“Malnutrition is a significant public health issue that deserves the frank attention given by Dr. Biesalski in his new book, Hidden Hunger. Nutrition research discoveries made by ASN members contribute to eradicating hunger and micronutrient deficiencies in this decade. Everyone concerned with feeding our growing population should read this book.”
John E. Courtney, Ph.D., Executive Officer, American Society for Nutrition
In an age of fiscal retrenchment, budgetary austerity and newly-imposed limits to foreign assistance of all kinds, it is critical that scientists and development practitioners keep their eye on the ball. What exactly is the global community trying to achieve with our many grandiose targets, demands for evidence-based practice and value for money? Ultimately, we seek enhanced and sustained wellbeing for all of the world’s citizens. The rhetoric used to explain that over-arching goal encompasses poverty reduction, agricultural growth, female empowerment, health disparities, literacy, and so much more. But none of that can be achieved without fundamentally changing the way we talk about, and seek to resolve, hidden hunger.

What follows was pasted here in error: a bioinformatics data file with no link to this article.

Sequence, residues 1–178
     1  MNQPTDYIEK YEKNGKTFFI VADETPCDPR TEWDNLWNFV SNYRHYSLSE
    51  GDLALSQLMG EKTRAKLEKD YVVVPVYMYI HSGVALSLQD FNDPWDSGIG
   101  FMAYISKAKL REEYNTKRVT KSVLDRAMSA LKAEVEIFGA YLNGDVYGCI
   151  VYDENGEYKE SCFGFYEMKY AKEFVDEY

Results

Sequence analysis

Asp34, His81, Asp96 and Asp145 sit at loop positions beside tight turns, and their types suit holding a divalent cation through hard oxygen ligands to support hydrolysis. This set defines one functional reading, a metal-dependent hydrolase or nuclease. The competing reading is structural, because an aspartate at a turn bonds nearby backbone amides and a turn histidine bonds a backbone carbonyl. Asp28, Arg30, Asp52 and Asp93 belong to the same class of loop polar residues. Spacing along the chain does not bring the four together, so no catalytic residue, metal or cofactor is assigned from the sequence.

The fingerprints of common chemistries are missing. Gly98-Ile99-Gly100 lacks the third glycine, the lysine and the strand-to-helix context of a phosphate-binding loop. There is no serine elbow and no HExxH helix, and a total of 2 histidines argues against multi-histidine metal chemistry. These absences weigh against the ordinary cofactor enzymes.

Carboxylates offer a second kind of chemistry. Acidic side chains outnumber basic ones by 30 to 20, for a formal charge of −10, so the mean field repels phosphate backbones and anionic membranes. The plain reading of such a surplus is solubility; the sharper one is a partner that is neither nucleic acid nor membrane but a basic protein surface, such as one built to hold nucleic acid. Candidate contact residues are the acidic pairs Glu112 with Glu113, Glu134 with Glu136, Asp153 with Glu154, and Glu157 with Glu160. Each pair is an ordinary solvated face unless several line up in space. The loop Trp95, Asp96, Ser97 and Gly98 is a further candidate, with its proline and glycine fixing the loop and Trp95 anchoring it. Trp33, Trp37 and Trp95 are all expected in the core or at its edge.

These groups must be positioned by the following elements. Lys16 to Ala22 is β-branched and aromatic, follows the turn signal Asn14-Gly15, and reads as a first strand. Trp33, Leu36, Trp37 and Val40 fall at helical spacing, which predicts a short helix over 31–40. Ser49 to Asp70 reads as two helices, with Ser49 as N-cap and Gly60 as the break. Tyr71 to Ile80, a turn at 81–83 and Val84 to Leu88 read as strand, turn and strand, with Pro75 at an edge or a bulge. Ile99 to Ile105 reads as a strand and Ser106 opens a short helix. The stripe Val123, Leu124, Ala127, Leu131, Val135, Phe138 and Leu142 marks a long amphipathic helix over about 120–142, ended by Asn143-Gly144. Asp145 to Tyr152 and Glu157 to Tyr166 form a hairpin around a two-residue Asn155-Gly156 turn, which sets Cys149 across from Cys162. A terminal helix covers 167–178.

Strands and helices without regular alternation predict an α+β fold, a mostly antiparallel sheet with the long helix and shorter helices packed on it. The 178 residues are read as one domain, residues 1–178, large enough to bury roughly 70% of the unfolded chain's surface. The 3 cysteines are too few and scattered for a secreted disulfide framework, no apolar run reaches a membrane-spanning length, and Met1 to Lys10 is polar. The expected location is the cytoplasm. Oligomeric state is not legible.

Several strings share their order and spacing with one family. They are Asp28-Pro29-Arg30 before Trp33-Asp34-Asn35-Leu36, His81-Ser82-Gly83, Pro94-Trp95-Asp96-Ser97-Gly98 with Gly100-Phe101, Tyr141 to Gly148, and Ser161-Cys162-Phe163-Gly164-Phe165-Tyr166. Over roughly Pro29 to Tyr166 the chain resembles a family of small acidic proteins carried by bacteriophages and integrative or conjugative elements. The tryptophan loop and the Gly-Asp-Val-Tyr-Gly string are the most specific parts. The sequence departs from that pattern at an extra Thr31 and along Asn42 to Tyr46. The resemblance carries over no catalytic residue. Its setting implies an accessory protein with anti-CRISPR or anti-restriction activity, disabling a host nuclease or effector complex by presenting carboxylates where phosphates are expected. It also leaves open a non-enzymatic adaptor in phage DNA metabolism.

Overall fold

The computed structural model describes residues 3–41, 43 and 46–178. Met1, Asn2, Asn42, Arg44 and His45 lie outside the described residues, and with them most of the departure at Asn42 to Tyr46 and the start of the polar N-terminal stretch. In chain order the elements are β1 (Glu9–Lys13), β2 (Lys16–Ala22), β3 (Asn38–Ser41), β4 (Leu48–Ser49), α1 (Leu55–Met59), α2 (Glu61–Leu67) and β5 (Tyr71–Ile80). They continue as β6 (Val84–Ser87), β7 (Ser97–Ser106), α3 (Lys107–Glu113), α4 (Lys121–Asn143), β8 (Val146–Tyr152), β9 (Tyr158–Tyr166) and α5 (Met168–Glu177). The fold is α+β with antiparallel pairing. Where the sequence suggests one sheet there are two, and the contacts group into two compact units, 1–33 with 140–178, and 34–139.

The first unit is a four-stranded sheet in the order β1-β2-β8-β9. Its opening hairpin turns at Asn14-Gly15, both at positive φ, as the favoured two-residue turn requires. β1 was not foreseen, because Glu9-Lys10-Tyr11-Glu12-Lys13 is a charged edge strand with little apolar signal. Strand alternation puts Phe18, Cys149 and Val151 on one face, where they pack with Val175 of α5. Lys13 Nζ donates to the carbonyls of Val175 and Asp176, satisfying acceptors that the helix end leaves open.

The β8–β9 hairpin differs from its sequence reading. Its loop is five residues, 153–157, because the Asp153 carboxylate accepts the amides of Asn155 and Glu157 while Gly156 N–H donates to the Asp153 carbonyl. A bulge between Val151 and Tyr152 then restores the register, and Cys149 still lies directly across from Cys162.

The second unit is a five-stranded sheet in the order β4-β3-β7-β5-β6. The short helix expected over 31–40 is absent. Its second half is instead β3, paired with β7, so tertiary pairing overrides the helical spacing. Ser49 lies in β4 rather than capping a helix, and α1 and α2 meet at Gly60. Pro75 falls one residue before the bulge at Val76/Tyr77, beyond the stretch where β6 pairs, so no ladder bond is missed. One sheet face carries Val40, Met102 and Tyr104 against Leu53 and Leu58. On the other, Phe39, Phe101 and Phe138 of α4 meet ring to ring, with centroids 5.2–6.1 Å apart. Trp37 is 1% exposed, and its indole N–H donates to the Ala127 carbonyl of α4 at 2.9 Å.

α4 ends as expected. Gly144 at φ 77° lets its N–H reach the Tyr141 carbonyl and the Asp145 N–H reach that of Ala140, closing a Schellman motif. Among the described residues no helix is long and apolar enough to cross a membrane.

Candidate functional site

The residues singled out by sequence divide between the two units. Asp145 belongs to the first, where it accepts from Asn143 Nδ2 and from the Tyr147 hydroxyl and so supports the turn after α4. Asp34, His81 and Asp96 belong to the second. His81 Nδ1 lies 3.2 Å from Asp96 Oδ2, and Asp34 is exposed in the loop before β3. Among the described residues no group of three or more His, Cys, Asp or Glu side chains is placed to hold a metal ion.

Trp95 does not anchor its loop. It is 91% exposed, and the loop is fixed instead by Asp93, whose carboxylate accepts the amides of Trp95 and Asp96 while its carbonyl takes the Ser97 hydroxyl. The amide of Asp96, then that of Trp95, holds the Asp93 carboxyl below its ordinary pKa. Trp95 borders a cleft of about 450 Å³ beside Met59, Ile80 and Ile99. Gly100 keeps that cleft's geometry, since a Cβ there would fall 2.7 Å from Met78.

Dr. Biesalski has thrown down the gauntlet with his book of that title. It pushes concrete evidence to the fore, critiques well-known and innovative approaches, and explores new dimensions that accompany rapid urban-based dietary change. His book urges that adequate attention be paid to a vast global problem that will remain hidden unless it is dragged out into the daylight and seen for what it is: a drain on national, social and human growth that dwarfs the shrinking resources being put into its resolution.
The book needs to be read and re-read by those who would otherwise not pick up a text on nutrition. The problem is too great to be left to a small, albeit dedicated cadre of professional nutritionists. The solution to hidden hunger lies in concerted multi-sectoral actions that link private and public sector strategies. It lies with multiple government ministries, with diverse players across civil society, and with researchers working at all levels from cell to society. The problems may be (largely) hidden, but the risks of inaction cannot be ignored. Fortunately, Biesalski offers potential solutions and new ways of looking at old challenges. These much be understood, debated and, wherever feasible, implemented at scale with the urgency and passion that he communicates in this important book.
Patrick Webb, Dean for Academic Affairs and Alexander MacFarlane Professor of Public Policy at the Friedman School of Nutrition Science and Policy, Tufts University, Medford, MA, USA